Sunday, February 01, 2009

Hymn coming good

After a week of negative postings, time for a cheerier word. Two really good moments in church this morning:

First, there was a moment or two of perfect silence - apart from the quiet organ music which seemed, miraculously, to have hushed even the most insistent noise-makers - before the service began, as if all there were holding their breath in anticipation. (Actually, there were two further minutes of silent prayer in mid-sermon, but this was somehow less miraculous)

And secondly, the first hymn. We sang Wesley's O for a thousand tongues to sing.... to the tune Lyngham - a tune I first sang 45 years ago at choral camp to these words:

There was an auld Seceder Cat,
And it was unco gray;
It brocht a moose into the hoose
Upon the Sabbath day:
They took it to the Sess-i-on,
Wha it rebukit sore,
And made it promise faithfully
To do the same no more.

We were told at the time that these words were used so that choirs practising on weekdays could learn their parts without singing holy words, and we bellowed them with glee. Thing about this tune is the absolute need for the men to com in strongly without the upper parts at the last line, which is repeated several times in imitation till it all comes triumphantly together at the end.

Now, in our wee church we are somewhat short of men, especially since the eighty-something tenor decided we didn't give him enough to do and took himself off to the kirk, so this hymn could have been a sad failure. But what was joyous was the way that having faltered somewhat in the first verse the men there got steam up by the second verse and by the end of the hymn were giving it laldy. And it was all the more joyous because it was so unexpected.

So there you are. A great tune, seriously old-fashioned, and words full of poetic diction and curtailed syllables (to fit the scansion) - but a great result. And suddenly I felt at one with the world and in complete accord with my fellow-worshippers. Guess I'm in the right church, huh?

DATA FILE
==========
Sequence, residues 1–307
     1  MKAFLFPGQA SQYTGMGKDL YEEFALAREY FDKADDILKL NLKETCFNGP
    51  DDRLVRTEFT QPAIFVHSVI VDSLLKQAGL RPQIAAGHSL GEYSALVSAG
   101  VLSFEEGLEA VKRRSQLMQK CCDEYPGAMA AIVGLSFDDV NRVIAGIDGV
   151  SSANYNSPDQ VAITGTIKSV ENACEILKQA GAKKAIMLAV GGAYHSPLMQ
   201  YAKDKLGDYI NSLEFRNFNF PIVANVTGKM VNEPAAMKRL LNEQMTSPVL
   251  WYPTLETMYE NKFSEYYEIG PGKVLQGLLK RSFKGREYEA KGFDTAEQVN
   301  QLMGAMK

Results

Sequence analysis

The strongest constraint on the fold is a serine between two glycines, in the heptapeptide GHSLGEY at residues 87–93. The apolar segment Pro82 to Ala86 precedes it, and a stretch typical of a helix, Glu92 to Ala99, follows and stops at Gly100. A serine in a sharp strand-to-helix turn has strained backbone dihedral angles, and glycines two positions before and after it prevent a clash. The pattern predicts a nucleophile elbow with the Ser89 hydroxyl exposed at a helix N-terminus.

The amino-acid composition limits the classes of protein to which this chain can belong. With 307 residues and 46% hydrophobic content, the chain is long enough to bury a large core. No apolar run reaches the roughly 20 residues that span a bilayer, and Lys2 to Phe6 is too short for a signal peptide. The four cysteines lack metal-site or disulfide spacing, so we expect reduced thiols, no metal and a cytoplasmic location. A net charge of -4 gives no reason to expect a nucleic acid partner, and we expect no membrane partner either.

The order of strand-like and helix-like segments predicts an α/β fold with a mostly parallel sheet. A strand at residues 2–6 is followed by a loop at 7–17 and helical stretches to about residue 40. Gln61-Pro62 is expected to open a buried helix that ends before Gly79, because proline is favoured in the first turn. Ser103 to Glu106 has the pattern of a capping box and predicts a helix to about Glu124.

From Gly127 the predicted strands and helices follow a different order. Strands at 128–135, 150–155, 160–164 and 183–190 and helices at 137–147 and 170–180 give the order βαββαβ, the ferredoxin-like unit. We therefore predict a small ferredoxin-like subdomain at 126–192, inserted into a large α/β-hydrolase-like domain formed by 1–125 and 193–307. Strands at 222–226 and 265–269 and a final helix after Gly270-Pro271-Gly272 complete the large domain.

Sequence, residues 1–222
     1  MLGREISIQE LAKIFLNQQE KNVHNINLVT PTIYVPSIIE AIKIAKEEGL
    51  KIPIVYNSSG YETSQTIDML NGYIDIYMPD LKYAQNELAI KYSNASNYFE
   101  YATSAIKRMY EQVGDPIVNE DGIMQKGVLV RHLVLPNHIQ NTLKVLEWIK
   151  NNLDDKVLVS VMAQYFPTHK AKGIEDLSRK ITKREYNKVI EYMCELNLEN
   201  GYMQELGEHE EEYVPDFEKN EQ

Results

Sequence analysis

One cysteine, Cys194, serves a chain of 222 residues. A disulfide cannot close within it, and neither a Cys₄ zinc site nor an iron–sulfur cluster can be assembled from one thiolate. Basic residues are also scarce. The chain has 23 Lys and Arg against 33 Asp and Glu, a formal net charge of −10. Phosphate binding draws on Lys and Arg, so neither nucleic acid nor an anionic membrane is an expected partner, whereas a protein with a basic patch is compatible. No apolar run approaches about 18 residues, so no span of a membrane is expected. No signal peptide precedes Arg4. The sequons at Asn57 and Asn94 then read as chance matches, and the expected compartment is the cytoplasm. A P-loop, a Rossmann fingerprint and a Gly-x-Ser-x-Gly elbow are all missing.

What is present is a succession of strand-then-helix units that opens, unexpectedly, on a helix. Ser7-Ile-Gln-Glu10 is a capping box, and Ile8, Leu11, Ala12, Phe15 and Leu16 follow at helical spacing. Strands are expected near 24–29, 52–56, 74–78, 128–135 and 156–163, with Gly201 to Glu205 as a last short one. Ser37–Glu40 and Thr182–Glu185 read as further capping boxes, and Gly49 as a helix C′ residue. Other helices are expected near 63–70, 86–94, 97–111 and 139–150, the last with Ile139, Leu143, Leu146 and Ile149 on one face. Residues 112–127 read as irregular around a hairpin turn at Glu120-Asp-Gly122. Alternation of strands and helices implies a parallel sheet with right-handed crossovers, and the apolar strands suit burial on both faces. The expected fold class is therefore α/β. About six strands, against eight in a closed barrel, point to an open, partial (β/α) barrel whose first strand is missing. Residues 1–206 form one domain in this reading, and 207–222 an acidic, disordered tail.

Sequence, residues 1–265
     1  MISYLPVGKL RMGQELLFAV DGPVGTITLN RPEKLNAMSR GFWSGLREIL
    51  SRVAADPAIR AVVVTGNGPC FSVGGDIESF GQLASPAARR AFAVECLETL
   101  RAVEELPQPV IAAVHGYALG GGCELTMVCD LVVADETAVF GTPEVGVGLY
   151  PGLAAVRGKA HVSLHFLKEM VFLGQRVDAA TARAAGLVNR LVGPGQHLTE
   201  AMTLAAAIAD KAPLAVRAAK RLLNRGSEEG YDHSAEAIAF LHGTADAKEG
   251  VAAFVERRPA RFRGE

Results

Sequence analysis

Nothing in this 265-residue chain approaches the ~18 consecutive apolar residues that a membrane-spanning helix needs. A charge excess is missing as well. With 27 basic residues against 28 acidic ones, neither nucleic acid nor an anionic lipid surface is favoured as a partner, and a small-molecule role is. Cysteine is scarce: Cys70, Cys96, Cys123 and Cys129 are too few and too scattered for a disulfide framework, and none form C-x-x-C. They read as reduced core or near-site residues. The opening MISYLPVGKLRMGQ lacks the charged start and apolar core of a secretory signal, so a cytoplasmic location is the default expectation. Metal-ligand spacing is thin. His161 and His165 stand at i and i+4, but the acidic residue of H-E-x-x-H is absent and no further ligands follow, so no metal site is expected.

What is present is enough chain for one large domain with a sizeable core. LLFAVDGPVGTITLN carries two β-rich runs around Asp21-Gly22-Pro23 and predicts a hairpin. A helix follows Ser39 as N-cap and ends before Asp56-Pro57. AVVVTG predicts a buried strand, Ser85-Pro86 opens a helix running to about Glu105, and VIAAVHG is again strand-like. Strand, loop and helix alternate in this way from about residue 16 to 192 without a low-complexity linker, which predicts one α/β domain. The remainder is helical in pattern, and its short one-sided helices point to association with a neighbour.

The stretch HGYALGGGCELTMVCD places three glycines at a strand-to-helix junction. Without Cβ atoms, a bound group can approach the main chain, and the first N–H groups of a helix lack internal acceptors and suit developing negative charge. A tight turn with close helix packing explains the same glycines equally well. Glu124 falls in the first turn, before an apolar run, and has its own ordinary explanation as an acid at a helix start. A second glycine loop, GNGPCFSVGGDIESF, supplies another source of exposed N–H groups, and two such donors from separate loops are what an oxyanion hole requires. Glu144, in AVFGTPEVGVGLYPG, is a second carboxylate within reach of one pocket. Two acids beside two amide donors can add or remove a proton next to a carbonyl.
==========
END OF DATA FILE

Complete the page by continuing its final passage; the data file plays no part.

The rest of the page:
1. in light of earlier posts, could you just clarify:

    do you like the words? ... every verse?

    (I grant the tune is fun)

  2. No, I don't! But what was interesting was that I was so enjoying the general participation in the tune that I might as well have been singing the alternative words - which rather makes for ABF's point of view.

  3. Correction:

    Line three should read -
    It brocht a moose intae the kirk

    I bellowed this on many occasions as well - great tune!

  4. I very much wish we had been singing your words in verse... 4 was it? We must try it next time and see who complains.

  5. So next time let's omit the offending verse. It's pretty long anyway and actually I seem to recall even more verses . . .

  6. Verse 4?
    "He breaks the pow'r of canceled sin,
    He sets the pris'ner free;
    His blood can make the foulest clean;
    His blood availed for me."

    Offending words? ... Do episcopalians have a different verse four or am I less easily offended?

  7. AHM - you're quite right. I copied the verse from a website, as i couldn't remember all of it, but I do now.
    David - It might be an idea if I simply deplore the mangling of the language to fit the metre, and leave the theology to Kimberly ...

  8. Hmm...I'm also puzzled, wondering how verse four could be offensive. One of my very favorite hymns!

  9. Verse 4 in our hymnbook:
    "He speaks; and, list'ning to his voice,
    new life the dead receive,
    the mournful broken hearts rejoice,
    the humble poor believe."

    Quite apart from the awful poetic diction, how do you feel about the humble poor these days? Are they ... well ... humble enough, do you think?

  10. Oh that's verse five in my hymnal! I think the 'humble poor' ought to be interpreted in the context of Wesley's work and well-know respect for and among the poor. He certainly wasn't a moralist and rejected the concept of the 'idle poor'. In fact he propagated the idea that vice descended from above and spirituality ascended from below.

  11. What kind of poor? I'd always assumed it was the "poor in spirit" as in "blessed are the...". Fits with the immediately preceding bit - as in "Blessed are those who mourn, for they will be comforted".

    However, it illustrates the difficulty caused by changes in language (and attitudes) that makes singing some hymns tricky - which is, at least in part, a point made in your original post.

  12. Yes, I had also always assumed it was about the 'poor in spirit'. But I can see the point being made.